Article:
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The Spanish court upholds the ban on the Catalan leader Quim Torra



MADRID – The Supreme Court of Spain on Monday upheld a ruling banning Catalonia’s separatist leader from public office. This decision could renew tensions in the troubled northeastern region.

The Catalan police had put the officials on alert before the decision to confirm a possible decision against the separatist leader Quim Torra, president of the Catalan regional government. .

Monday’s ruling once again upset Catalan politics. It is expected that Mr Torra will be replaced in office by his deputy, Pere Aragonès. who represents another separatist party. Mr Torra had planned to hold early elections to bolster support for the separatist movement this year, but that plan has been delayed by the coronavirus pandemic, which has hit Spain particularly hard.

The case of Mr Torra is part of a long series of clashes between the Spanish central government and the judiciary against Catalan leaders who are in favor of independence. Politicians have failed to resolve the secessionist impasse for years, and it has increasingly been left to the judges to deal with it, while Catalan society has continued to split in half.

On Monday evening, Mr Torra said that Catalonia would hold elections “in the next few months” and urged his supporters to convert the vote into a referendum on independence. The Spanish government urged the region to hold further elections as soon as possible to avoid a period of political limbo in Catalonia under a caretaker administration.

Mr Torra also stated that he would appeal the decision of the highest Spanish court to the European Court of Justice. A European court, Torra said, “is the only place where Catalan independence activists, as well as the just and legitimate reason for independence, can find justice.”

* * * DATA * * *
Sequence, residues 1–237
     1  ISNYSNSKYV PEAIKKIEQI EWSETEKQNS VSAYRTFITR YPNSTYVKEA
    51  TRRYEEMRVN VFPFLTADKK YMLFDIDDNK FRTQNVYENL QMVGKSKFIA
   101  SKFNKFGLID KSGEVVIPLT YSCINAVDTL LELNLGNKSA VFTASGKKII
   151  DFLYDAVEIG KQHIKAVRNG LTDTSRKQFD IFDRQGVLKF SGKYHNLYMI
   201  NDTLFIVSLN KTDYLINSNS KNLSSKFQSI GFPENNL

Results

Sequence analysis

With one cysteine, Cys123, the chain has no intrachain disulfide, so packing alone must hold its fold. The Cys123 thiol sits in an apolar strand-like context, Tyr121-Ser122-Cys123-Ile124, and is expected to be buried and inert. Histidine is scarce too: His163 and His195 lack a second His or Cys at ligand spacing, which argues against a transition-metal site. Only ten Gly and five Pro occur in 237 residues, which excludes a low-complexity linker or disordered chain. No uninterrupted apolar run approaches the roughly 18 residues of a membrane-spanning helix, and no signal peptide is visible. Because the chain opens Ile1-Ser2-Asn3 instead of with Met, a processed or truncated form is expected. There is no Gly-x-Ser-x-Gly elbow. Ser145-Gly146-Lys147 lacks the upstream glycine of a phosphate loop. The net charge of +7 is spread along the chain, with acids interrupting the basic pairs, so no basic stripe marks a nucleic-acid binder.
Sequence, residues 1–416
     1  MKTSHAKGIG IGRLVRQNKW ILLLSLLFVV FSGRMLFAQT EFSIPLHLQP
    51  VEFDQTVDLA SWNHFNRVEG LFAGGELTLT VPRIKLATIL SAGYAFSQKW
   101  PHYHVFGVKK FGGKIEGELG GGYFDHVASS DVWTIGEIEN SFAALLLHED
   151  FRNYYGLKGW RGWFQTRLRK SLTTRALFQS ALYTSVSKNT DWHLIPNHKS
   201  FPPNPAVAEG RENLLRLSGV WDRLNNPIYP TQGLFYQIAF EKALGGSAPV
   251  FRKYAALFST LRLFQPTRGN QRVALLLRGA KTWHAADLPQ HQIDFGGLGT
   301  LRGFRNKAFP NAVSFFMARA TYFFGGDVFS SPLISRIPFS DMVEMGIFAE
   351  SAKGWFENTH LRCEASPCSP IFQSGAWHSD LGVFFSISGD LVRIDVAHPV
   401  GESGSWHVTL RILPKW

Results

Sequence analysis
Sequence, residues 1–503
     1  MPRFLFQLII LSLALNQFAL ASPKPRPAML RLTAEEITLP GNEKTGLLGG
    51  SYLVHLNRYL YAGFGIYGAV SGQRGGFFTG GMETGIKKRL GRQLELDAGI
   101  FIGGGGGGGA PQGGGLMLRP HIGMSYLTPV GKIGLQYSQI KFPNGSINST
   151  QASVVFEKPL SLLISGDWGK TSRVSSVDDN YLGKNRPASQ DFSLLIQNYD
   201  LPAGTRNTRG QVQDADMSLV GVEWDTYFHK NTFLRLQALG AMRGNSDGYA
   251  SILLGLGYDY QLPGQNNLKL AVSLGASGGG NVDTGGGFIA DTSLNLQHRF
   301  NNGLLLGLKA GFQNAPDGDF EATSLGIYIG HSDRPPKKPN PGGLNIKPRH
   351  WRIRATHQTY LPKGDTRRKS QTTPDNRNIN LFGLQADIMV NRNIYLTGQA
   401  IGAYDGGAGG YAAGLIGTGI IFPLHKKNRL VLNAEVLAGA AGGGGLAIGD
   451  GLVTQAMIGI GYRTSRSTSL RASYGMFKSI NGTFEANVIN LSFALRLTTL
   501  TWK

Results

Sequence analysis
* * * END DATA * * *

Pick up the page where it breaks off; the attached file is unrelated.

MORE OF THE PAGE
The case against Mr Torra centers on his refusal last year to ditch yellow ribbons and other signs showing solidarity with the separatist movement, contrary to an order from the electoral commission in Madrid. The commission had ordered that all partisan symbols should be removed from public buildings during the political campaign leading up to the Spanish elections in April 2019.

The ribbons had become a means of supporting the separatist leaders. who were later convicted in 2019 for trying unsuccessfully to declare independence two years earlier.

Mr Torra repeatedly defied orders to withdraw symbols of independence and a Barcelona court ruled in December that his refusal to delete them constituted civil disobedience. It banned him from serving for 18 months and caused Mr. Torra to appeal to the Supreme Court.

On Monday, several Spanish politicians welcomed the Supreme Court’s decision against him. Inés Arrimadas, the leader of the Ciudadanos party, said that “justice has been done”.

“Public spaces belong to everyone, and a political leader cannot break the law to flood them with separatist propaganda,” Ms. Arrimadas wrote on Twitter.

The separatist majority, which controls the regional parliament, elected Mr Torra as leader of Catalonia in 2018. The former incumbent, Carles Puigdemont, was ousted by the Spanish government in October 2017 for illegally attempting to resign and had left the country to avoid arrest and prosecution.

Since then, Mr Puigdemont has been struggling to extradite him from Belgium in order for his part to stand on trial for the failed independence efforts. Despite being on hiatus abroad, he continued to influence Catalan politics and won a seat in the European Parliament last year.


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